Guest / Limited Access /

When President Obama issued his executive order repurposing the White House Office of Faith-Based and Neighborhood Partnerships, some groups on the Left predictably decried the office as blurring the line between church and state. But conservatives and others who support the office also expressed concerns.

Some groups had feared that Obama would require faith-based organizations that receive grants to hire applicants from other faiths. But the President decided not to issue a blanket rule. Instead, the White House announced that DuBois would be working with the Justice Department to consider the hiring question on a case-by-case basis.

"That strikes me as arbitrary. How do you decide on a case-by-case basis what is equitable to all?" said Amy Black, a Wheaton College political science professor. "We don't want religious discrimination to become a cloak for other forms of discrimination."

Calvin College political science professor Douglas Koopman questioned the office's more issues-driven approach. Obama set specific issues for the office to address: reducing poverty, reducing the need for abortions, encouraging responsible fatherhood, and fostering worldwide interfaith dialogue.

"[T]hat's the cart before the horse. They should be going to the faith-based groups for the agenda, not asking them to fit into the agenda that they have created," said Koopman, Black's coauthor for Of Little Faith: The Politics of George W. Bush's Faith-Based Initiatives. "For all of his flaws, Bush respected the independence, creativity, and savvy of faith-related groups more so than what I'm reading about the Obama approach."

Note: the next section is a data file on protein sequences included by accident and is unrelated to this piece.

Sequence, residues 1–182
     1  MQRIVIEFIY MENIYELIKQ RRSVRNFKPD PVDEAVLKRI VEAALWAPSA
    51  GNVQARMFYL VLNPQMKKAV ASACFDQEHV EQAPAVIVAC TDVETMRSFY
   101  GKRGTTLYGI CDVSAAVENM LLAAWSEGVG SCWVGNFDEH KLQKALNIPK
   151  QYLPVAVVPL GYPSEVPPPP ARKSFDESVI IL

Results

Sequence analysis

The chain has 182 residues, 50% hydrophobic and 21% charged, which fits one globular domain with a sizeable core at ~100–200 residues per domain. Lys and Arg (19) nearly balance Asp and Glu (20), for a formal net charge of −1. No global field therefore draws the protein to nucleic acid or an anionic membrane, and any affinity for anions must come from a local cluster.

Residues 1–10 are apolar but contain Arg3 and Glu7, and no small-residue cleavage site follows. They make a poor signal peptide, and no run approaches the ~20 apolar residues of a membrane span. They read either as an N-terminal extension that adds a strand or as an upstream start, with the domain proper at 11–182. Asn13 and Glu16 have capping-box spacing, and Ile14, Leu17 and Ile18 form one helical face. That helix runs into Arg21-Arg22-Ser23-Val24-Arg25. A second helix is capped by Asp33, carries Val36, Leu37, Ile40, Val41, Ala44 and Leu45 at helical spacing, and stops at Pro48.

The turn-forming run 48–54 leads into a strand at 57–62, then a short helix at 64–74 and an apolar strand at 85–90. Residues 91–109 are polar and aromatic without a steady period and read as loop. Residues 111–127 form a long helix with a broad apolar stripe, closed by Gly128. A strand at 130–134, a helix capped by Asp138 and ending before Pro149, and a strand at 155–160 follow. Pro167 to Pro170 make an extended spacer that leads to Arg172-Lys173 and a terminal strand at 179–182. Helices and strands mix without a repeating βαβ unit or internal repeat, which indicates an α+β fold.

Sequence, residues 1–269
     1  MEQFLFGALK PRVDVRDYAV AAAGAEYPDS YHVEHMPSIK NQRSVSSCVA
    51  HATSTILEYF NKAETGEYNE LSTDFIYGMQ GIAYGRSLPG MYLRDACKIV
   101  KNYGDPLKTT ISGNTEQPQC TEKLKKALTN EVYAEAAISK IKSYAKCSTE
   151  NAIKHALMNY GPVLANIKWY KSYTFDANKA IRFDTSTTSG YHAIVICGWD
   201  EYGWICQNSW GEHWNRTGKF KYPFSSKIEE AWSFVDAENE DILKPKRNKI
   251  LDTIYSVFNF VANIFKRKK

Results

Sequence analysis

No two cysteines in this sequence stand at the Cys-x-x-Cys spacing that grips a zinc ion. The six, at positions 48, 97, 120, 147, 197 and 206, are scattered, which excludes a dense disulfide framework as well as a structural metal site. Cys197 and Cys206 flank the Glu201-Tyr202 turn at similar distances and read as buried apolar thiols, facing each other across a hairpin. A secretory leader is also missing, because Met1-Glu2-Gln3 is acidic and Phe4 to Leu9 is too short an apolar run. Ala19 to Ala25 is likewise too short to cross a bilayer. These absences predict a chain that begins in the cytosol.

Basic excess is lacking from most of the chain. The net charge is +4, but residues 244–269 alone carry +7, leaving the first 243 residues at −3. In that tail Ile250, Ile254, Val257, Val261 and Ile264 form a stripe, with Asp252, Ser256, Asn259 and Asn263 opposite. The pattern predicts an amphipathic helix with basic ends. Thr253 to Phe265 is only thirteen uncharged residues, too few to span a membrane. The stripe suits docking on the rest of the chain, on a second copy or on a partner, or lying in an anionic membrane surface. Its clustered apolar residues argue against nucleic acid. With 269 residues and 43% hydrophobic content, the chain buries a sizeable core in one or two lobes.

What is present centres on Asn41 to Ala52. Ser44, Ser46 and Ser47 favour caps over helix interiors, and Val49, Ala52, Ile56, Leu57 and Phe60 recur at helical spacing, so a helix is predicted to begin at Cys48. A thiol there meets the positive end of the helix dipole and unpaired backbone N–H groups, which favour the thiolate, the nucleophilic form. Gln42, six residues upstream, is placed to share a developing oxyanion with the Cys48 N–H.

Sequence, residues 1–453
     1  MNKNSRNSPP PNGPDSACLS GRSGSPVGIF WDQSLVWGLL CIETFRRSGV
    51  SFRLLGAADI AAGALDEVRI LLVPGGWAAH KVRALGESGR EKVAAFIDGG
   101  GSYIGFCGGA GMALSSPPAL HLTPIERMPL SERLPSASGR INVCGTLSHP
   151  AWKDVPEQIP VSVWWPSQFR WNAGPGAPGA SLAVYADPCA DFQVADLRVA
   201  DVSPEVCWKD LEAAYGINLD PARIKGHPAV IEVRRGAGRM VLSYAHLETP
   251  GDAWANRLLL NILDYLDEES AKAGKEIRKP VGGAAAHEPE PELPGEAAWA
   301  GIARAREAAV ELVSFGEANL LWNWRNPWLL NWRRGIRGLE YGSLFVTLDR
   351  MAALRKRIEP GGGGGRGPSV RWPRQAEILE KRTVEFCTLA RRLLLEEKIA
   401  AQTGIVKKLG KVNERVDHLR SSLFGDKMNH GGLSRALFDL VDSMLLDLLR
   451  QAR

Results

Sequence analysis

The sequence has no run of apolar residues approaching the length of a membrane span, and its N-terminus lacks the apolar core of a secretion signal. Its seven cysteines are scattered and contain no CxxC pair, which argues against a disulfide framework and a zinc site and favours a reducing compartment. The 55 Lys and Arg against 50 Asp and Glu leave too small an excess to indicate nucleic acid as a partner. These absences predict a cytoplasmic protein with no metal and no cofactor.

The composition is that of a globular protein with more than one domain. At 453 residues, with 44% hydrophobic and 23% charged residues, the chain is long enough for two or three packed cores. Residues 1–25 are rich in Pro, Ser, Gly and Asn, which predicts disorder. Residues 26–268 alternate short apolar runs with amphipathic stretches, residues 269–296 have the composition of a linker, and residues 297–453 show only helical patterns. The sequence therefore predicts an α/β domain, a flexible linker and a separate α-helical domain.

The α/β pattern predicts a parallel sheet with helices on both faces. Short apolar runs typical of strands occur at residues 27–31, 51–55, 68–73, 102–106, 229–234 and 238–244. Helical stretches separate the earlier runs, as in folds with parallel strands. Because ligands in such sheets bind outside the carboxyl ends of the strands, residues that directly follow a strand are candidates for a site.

It will also be difficult to measure the success of some aspects of the office. How does one know if the office is really encouraging ...

Subscriber access only You have reached the end of this Article Preview

To continue reading, subscribe now. Subscribers have full digital access.

Read These NextSee Our Latest
Also in this Issue
Subscriber Access Only Passages
Mark Young becomes president of Denver Seminary, Mary Hulst becomes chaplain of Calvin College, and other transitions in the Christian world.
RecommendedExclusive Video Premiere: Churches Take on the Billion-Dollar Industry Making the Poor Poorer
Exclusive Video Premiere: Churches Take on the Billion-Dollar Industry Making the Poor Poorer
When the state government did nothing, Texas churches stepped up to fight for change in their local communities.
TrendingWhy Most Pastors Aren’t Answering Your Phone Calls
Why Most Pastors Aren’t Answering Your Phone Calls
It's one the great mysteries of ministry. Why do pastors have such a bad reputation for answering or returning phone calls? Here are 9 reasons.
Editor's PickFearless Faith in a Time of Forgetting
Fearless Faith in a Time of Forgetting
Our culture can’t remember what makes Christianity good, but there's no reason to freak out.
Christianity Today
Pressure to Prove Himself
hide thisMay May

In the Magazine

May 2009

To continue reading, subscribe now for full print and digital access.